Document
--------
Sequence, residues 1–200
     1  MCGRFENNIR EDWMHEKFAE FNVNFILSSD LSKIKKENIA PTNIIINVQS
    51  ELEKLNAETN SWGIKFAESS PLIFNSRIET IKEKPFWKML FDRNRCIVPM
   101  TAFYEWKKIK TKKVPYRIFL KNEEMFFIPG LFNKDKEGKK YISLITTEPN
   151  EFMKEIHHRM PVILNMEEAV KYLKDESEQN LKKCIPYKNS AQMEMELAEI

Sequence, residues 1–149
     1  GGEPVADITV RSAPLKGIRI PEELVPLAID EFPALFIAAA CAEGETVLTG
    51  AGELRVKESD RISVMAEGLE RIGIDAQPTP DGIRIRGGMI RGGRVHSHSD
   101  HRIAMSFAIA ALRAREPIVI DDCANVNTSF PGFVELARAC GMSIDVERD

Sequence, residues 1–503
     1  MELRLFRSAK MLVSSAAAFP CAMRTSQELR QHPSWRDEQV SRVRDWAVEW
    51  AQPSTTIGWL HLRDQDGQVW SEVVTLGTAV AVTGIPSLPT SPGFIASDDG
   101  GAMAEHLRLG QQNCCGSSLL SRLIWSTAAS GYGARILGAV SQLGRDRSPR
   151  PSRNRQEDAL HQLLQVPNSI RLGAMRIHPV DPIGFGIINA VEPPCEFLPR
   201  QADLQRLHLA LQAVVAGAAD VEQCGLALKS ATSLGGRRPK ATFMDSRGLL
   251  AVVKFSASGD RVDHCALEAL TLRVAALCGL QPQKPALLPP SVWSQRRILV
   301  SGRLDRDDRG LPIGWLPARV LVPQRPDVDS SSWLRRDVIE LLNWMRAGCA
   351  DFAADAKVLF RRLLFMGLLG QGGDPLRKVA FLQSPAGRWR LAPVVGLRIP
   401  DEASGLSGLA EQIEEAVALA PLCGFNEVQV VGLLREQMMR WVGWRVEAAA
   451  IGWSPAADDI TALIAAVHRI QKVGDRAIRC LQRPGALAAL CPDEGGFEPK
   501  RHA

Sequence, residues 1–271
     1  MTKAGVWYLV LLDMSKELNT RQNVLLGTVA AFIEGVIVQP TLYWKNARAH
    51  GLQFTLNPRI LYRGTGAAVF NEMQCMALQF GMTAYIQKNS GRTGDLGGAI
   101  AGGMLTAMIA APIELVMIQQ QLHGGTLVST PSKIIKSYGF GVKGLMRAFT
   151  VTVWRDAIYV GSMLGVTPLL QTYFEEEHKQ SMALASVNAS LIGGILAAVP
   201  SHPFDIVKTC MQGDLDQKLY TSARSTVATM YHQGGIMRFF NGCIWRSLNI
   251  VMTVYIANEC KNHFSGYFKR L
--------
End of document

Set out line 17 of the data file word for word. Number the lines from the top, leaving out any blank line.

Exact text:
   301  SGRLDRDDRG LPIGWLPARV LVPQRPDVDS SSWLRRDVIE LLNWMRAGCA